A criminal compensation order (CCO) requires a person convicted of an offence to pay money to the victim of that offence for personal injury, loss or damage arising from it. Recent data provided by the Ministry of Justice show that only around 0.02 per cent of CCOs relate to child sexual abuse cases.
The Crown Prosecution Service’s view is that applications for CCOs are normally based on loss or damage that is easily quantifiable, such as theft or criminal damage. Convictions arising out of child sexual abuse are less likely to lead to CCOs because they are more difficult to quantify and a remedy is more likely to come from other avenues, such as civil claims or the CICA.
However, a number of victims and survivors were not sure about the process of making a CICA claim, or doubted whether they could be successful.
AR-A79 did not make an application for criminal compensation as he was not sure how to make such a claim and was sceptical that he would be believed.
There is a range of tariffs for sexual offences against children, based on the seriousness of the offence and the impact on the victim. The levels of awards have increased over the years, but they are still modest. The current level extends from £1,000 for minor, non-penetrative, sexual, physical act(s) over clothing, to £11,000 for one incident of non‑consensual penile penetration of the vagina, anus or mouth (with an increase for repeated incidents up to £22,000). Where the abuse results in serious mental and physical illness, awards can go up to £44,000.
Support services
Many victims and survivors of child sexual abuse find that they need support services during the often traumatic experience of seeking accountability and reparations. This may include specialist advocacy services, medical services, mental health services and therapeutic services, in either the state, private or voluntary sectors.
The inquiry heard consistently that victims and survivors of child sexual abuse struggle to access the right support at the right time. Nigel O’Mara, a counsellor, said that while there have been support services available for women for some time, the development of services for men has occurred more recently and, as a result, there was a lack of coverage and organisation within male services.
The need for adequate psychological support and counselling during civil claims was raised by many of the victims and survivors who gave evidence. Remembering and reliving the experiences of abuse in order to provide evidence in a civil claim is inevitably a painful experience. AR-A23 warned that he believed that many people do not come forward and discuss their experiences of abuse in part because of the inadequacy of support services.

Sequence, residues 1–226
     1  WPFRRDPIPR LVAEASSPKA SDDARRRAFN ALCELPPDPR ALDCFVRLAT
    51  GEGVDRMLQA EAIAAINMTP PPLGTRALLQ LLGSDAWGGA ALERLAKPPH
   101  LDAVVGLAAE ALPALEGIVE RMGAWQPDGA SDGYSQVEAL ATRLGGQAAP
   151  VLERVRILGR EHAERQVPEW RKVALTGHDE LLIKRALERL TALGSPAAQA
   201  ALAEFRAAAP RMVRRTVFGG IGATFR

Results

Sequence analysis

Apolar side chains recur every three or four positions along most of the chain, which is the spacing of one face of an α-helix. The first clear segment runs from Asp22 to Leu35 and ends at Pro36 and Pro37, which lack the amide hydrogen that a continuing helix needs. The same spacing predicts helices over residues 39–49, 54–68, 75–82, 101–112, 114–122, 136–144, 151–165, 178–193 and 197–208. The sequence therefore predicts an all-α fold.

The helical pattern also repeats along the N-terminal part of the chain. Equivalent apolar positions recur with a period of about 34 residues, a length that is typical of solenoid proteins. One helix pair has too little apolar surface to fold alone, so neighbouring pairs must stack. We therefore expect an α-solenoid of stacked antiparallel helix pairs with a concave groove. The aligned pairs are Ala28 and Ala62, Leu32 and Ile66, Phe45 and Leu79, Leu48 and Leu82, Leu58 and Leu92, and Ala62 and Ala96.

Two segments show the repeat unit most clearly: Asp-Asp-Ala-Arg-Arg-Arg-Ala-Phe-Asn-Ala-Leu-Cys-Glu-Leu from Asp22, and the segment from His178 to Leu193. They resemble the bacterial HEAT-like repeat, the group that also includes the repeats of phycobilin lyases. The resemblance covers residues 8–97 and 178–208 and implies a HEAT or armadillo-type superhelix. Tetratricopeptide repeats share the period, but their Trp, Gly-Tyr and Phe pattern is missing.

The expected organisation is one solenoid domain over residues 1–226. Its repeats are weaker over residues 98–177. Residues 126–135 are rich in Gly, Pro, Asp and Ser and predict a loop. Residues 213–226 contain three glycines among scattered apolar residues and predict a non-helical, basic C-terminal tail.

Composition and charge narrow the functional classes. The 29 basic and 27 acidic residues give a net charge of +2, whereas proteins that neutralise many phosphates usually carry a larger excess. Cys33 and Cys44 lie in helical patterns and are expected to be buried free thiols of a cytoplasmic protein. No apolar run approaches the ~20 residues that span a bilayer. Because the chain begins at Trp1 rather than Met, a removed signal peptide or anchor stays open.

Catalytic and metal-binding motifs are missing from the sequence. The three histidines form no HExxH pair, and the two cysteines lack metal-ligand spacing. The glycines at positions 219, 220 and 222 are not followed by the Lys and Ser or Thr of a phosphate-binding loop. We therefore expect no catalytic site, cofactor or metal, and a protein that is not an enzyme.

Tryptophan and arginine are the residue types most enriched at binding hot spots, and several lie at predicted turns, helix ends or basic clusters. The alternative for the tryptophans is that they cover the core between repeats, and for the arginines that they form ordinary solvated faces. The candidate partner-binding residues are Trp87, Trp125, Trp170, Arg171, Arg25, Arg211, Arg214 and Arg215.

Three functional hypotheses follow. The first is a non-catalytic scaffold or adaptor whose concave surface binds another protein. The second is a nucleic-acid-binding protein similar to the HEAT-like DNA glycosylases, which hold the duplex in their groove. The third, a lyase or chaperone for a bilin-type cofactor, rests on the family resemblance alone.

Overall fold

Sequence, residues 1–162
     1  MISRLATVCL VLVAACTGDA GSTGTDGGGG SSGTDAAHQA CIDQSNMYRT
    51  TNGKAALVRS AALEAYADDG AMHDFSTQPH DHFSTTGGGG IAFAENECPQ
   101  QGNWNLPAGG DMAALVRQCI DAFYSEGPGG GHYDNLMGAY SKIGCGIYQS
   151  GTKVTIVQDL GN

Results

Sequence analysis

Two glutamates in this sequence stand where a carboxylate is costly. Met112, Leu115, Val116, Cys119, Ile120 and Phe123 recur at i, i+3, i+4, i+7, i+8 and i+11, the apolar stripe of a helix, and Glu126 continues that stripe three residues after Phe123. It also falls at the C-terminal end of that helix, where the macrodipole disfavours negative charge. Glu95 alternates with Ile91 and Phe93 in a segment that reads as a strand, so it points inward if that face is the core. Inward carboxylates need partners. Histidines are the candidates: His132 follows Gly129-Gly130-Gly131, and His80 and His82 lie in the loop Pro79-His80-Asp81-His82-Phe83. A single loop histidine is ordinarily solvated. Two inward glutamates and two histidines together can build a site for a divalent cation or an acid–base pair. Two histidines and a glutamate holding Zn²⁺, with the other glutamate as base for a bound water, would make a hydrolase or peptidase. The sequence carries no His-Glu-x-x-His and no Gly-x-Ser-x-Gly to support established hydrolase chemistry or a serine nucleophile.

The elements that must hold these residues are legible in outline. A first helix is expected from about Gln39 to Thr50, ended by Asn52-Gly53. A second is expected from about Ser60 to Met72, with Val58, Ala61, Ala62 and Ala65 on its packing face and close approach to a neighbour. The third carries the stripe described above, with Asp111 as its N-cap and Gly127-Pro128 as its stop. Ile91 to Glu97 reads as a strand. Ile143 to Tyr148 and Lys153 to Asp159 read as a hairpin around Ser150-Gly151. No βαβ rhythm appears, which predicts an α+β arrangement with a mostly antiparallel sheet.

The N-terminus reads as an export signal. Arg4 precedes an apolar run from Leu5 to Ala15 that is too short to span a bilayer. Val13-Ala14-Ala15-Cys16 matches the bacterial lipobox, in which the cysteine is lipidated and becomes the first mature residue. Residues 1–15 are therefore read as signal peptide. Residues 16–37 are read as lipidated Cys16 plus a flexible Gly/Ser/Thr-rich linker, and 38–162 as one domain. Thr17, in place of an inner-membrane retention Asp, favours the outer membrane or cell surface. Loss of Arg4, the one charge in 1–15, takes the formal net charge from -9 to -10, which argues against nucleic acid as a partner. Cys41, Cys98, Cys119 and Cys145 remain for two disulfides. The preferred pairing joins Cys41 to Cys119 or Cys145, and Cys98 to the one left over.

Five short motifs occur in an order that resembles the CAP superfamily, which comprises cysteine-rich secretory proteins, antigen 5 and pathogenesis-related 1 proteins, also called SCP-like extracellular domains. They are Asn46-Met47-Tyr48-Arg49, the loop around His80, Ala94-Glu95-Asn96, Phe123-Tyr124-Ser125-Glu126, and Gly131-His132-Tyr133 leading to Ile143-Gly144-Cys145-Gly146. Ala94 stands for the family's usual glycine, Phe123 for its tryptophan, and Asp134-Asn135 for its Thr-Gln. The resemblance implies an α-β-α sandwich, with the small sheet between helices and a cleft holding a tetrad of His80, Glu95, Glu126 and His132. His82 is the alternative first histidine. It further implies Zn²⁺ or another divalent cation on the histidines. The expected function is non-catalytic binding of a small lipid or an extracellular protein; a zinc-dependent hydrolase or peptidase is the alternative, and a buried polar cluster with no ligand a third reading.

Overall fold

However, the experience of victims and survivors in terms of accessing therapeutic support during civil claims was generally poor. Many went through the process with no professional therapeutic support.
Not all victims and survivors wanted therapy, and some worried whether they could cope with it. Malcolm Johnson, a lawyer representing claimants, told the Inquiry that in his experience the majority of child abuse survivors are “remarkably robust”.
Redress scheme
Over the last 20 years there have, however, been significant changes in the provision of support during criminal investigations, with a welcome movement by police forces towards prioritising the needs of victims and survivors.
The Victims’ Code is under review by the government. The Victims Strategy, published in September 2018, aims to set out the government’s intention to update, make more accessible and increase awareness of the Victims’ Code.
The Inquiry has heard evidence that a redress scheme would be a possible alternative to the existing systems of criminal and civil compensation. This would enable victims and survivors of child sexual abuse to obtain compensation for the abuse they have suffered. It may also have the flexibility to facilitate apologies, fund or direct victims and survivors to support services, and avoid the difficulties of civil litigation.
A redress scheme is generally an independent, non-adversarial forum in which applications for financial compensation are considered. It is usually administered on the basis of paper applications alone but may include psychiatric assessments.
The majority of those who provided evidence to the Inquiry said that both civil claims and the CICA are not suitable for victims and survivors of child sexual abuse and can have a damaging impact.